My recent dance competition shoot relied entirely upon social media and digital technology to work. In the past, this would fail as a business and creatively. So,how? Well, the dancers dance, judges to their thing and I along with a videographer capture the event. Both mediums (video and still images) go directly from our cameras to, instant uploads on facebook, instram and twitter. After a few hours, the video is also uploaded in edited mini clips, to youtube.  In between the image making, writers quickly add interesting comments about the performers, judges or dance themes in general to the images. The viewer gets instant pics, video and commentary. Images are also sent to computers and screens in a sales pavilion situated in the venue lobby where people can view and purchase the images of their kids, the routines and award ceremonies.

Wow. It’s quick and the images are of great quality and available immediately. Everyone shares in the experience. John Lehmann uses his cell phone to capture images in sensitive situations and where intimacy is paramount to the message. He too, uploads quickly for publication in the Globe and Mail online and across related SM platforms. His images are informative and of, high art. My example is strictly commercial yet both are examples of successful applications of social media and how it works well.

Interestingly, the Selfie is kind of responsible for all of this because SM enables the rapid and often informative messaging of important information to as many people as possible. To the parents of my dance photo’s, the pictures are important. Maybe not as important as the Western world witnessing an uprising in China, but equally as important to the parents of those dancing kids.

Social media has made all images equal and the value of the images, written words, links, video, artwork an branding is left to the consumer-SM has democratized communication like never before.

In this mini series I have thought out loud about the current state of professional photography within a digital environment.  At first I was confused; has cheap, quick and unedited visual content killed photography? Or, has the relationship between digital technology and it’s offspring, Social Media enhanced the communication of visual information?

I am no longer confused.

While it may have been more provocative to say,  Social Media and all that is new in modern technology caused industry job losses and the production of forgettable images, I believe it’s the opposite.

Social Media has “grown the market” as many marketers say. More images taken, more information and even more creativity equals greater communication.  To back this up, I prefer to write about my own experience as a professional photographer. Usually we are the first to complain about the end of past business models (see last blog), but my current workflow is built upon social media platforms and it works beautifully. Before I describe how it works, it’s helpful to know that this is, in spite of added competition and a greater workload.

Here’s an example of just how powerful the photographer-social media relationship can be;

Recently, I photographed a dance competition that had over 269 performers. It was sponsored by one of the largest Dance Studio organizations in Canada. The name is unimportant, except to say that it’s similar to those Dancing with the Stars reality shows one sees on television. Crass, yes and very consumer oriented (Bernie Sanders would hate the idea-winner take all), yet the kids study hard, rehearse and appear to love the whole experience. Enough said about the competition. What matters are the pictures and how they are taken, collected and distributed using social media.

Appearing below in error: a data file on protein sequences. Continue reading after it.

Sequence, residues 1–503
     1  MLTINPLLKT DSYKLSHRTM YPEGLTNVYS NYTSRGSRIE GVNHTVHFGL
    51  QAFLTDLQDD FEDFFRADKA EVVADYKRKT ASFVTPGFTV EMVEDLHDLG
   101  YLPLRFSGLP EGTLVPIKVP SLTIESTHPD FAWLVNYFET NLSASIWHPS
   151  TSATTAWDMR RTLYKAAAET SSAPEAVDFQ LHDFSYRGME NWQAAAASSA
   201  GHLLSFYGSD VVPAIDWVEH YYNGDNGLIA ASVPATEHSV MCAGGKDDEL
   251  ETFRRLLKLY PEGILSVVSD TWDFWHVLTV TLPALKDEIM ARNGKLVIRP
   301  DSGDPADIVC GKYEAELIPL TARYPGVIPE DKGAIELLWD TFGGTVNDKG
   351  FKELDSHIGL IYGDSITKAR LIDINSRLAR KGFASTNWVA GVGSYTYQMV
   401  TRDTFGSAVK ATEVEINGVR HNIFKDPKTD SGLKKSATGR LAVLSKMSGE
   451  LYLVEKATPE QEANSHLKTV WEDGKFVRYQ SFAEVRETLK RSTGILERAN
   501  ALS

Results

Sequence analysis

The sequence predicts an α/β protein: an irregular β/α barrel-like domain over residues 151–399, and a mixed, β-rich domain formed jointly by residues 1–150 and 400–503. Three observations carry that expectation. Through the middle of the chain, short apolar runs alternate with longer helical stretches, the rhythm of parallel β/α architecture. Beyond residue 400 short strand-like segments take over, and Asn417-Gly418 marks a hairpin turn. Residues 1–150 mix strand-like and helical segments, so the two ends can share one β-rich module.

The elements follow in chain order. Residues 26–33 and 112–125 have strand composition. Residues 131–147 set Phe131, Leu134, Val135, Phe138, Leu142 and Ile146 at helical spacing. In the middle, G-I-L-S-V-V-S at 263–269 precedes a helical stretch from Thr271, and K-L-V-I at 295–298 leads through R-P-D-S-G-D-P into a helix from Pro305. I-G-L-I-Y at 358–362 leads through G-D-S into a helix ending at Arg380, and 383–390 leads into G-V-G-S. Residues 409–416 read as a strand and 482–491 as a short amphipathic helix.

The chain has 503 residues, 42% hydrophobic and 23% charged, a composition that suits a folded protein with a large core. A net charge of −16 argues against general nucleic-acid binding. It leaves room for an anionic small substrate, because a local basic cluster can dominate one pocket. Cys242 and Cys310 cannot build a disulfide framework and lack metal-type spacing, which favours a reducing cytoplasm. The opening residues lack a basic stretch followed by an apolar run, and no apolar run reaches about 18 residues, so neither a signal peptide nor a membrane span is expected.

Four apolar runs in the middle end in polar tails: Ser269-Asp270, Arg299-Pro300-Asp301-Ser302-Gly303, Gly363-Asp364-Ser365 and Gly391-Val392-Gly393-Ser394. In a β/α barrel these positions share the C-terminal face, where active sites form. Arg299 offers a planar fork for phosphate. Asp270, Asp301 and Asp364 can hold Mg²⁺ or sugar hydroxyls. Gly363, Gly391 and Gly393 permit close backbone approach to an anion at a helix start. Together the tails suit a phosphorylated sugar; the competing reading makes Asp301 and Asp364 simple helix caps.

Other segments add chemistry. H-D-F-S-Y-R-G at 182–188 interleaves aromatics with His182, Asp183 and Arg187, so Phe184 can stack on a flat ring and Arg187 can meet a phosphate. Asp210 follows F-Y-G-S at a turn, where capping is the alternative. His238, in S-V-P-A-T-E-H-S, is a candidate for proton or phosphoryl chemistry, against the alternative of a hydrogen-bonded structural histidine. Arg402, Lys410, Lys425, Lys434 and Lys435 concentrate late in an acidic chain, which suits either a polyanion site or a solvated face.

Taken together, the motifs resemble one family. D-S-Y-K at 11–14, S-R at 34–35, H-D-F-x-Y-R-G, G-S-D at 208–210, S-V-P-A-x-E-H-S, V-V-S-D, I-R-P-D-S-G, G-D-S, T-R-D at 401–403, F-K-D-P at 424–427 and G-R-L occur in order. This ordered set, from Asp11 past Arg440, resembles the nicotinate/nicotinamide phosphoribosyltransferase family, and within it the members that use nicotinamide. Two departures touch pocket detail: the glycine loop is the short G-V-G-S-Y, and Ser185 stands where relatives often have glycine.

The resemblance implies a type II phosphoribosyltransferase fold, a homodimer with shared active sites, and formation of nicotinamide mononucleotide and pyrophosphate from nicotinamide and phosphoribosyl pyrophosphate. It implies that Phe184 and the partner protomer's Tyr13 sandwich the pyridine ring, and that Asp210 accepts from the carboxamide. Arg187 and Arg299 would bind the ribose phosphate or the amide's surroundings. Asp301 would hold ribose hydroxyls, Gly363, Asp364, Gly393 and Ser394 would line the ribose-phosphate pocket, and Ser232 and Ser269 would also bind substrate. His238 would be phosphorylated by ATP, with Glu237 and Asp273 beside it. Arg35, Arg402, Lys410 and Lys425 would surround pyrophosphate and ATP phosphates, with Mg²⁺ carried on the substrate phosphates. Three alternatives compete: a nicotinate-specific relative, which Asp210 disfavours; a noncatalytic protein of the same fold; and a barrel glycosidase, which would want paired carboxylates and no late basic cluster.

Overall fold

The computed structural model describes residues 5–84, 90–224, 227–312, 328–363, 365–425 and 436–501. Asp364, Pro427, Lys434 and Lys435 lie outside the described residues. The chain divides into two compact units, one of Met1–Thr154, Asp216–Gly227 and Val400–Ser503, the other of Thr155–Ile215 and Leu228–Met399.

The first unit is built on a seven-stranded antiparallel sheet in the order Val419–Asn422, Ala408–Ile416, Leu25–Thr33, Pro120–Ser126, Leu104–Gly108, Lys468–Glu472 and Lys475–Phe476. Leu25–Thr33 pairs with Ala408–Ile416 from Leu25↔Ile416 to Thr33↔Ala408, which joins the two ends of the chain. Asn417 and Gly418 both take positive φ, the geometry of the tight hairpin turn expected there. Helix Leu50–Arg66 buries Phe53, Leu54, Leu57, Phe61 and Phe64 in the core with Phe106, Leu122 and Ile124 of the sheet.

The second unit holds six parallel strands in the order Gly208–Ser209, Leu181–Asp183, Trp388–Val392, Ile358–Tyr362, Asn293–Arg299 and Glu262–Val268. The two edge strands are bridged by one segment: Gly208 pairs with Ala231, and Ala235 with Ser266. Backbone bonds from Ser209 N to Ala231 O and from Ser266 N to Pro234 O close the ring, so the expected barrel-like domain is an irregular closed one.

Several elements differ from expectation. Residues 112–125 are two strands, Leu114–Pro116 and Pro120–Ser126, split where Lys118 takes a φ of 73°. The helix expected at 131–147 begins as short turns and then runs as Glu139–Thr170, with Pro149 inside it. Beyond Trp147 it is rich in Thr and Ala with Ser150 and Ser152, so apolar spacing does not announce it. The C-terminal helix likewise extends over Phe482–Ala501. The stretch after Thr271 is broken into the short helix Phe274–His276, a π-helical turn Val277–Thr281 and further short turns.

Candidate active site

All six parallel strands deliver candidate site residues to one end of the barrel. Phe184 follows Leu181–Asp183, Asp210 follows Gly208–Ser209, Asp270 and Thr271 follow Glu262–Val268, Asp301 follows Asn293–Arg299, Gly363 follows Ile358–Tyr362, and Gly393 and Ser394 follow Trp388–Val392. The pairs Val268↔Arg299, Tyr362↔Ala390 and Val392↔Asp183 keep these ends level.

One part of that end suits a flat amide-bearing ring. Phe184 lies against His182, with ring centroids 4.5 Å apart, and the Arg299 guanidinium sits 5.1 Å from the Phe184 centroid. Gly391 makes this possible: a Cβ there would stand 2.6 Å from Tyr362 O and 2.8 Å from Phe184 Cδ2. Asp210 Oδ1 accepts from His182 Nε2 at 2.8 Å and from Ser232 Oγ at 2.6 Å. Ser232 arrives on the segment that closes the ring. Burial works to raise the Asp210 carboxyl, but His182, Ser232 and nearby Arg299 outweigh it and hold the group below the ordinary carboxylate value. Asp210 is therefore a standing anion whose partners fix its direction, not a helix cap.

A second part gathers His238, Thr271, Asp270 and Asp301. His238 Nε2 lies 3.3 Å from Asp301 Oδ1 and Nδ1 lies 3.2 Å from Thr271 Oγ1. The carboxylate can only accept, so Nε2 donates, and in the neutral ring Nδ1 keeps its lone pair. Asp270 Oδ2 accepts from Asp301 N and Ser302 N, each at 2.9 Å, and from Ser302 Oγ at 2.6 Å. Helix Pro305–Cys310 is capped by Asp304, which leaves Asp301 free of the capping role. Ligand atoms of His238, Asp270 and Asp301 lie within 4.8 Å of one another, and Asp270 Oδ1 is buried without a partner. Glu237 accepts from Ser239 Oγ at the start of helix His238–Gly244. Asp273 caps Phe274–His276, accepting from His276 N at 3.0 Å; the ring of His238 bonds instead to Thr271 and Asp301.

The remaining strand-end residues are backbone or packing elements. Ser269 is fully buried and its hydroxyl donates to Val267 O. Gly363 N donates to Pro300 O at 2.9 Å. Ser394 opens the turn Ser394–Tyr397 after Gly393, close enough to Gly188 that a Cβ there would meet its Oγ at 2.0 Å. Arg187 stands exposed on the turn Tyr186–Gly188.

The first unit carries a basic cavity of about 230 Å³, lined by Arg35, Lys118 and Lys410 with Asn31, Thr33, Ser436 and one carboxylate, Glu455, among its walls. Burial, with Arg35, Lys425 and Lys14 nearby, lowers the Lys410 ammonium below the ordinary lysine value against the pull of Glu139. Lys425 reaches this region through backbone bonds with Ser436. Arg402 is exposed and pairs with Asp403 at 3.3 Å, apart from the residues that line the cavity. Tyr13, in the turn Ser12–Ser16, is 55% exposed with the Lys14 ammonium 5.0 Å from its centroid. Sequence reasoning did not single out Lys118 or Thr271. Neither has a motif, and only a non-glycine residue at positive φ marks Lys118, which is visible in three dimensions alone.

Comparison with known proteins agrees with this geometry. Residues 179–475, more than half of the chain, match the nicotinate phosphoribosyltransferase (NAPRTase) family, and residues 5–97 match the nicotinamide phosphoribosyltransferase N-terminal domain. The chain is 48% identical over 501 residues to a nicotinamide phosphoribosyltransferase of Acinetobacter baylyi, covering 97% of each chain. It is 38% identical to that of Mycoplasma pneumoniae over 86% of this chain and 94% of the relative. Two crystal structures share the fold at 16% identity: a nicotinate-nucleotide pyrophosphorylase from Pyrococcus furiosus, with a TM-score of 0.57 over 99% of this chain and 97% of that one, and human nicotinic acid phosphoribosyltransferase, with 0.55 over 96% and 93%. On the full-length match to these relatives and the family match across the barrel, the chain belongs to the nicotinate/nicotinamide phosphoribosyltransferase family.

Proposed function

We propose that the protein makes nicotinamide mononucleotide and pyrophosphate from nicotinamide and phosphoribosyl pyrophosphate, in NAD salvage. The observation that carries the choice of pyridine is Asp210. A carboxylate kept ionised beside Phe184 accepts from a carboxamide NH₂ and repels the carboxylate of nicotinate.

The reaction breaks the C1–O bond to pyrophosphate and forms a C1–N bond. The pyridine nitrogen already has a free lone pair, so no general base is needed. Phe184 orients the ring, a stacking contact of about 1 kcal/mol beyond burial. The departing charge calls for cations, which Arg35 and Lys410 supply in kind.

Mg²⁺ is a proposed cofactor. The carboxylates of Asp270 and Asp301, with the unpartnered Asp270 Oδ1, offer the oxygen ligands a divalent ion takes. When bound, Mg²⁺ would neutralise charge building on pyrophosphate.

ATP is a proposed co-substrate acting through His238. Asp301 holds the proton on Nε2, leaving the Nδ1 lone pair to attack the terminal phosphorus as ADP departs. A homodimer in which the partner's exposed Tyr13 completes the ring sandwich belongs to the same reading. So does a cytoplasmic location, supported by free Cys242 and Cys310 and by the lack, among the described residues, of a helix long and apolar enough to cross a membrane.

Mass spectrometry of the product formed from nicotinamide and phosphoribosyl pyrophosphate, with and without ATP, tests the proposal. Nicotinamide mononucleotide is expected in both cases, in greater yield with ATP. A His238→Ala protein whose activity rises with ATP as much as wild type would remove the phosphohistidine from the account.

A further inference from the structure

At this point, you may have thought I have forgotten about the purpose of this final blog. I did suggest that this  would be a continuation of, Globe and Mail photojournalist, John Lehmann’s experience with social media and it will be.

My recent dance competition shoot relied entirely upon social media and digital technology to work. In the past, this would fail as a business and creatively. So,how? Well, the dancers dance, judges to their thing and I along with a videographer capture the event. Both mediums (video and still images) go directly from our cameras to, instant uploads on facebook, instram and twitter. After a few hours, the video is also uploaded in edited mini clips, to youtube.  In between the image making, writers quickly add interesting comments about the performers, judges or dance themes in general to the images. The viewer gets instant pics, video and commentary. Images are also sent to computers and screens in a sales pavilion situated in the venue lobby where people can view and purchase the images of their kids, the routines and award ceremonies.

Wow. It’s quick and the images are of great quality and available immediately. Everyone shares in the experience. John Lehmann uses his cell phone to capture images in sensitive situations and where intimacy is paramount to the message. He too, uploads quickly for publication in the Globe and Mail online and across related SM platforms. His images are informative and of, high art. My example is strictly commercial yet both are examples of successful applications of social media and how it works well.

Interestingly, the Selfie is kind of responsible for all of this because SM enables the rapid and often informative messaging of important information to as many people as possible. To the parents of my dance photo’s, the pictures are important. Maybe not as important as the Western world witnessing an uprising in China, but equally as important to the parents of those dancing kids.

Social media has made all images equal and the value of the images, written words, links, video, artwork an branding is left to the consumer-SM has democratized communication like never before.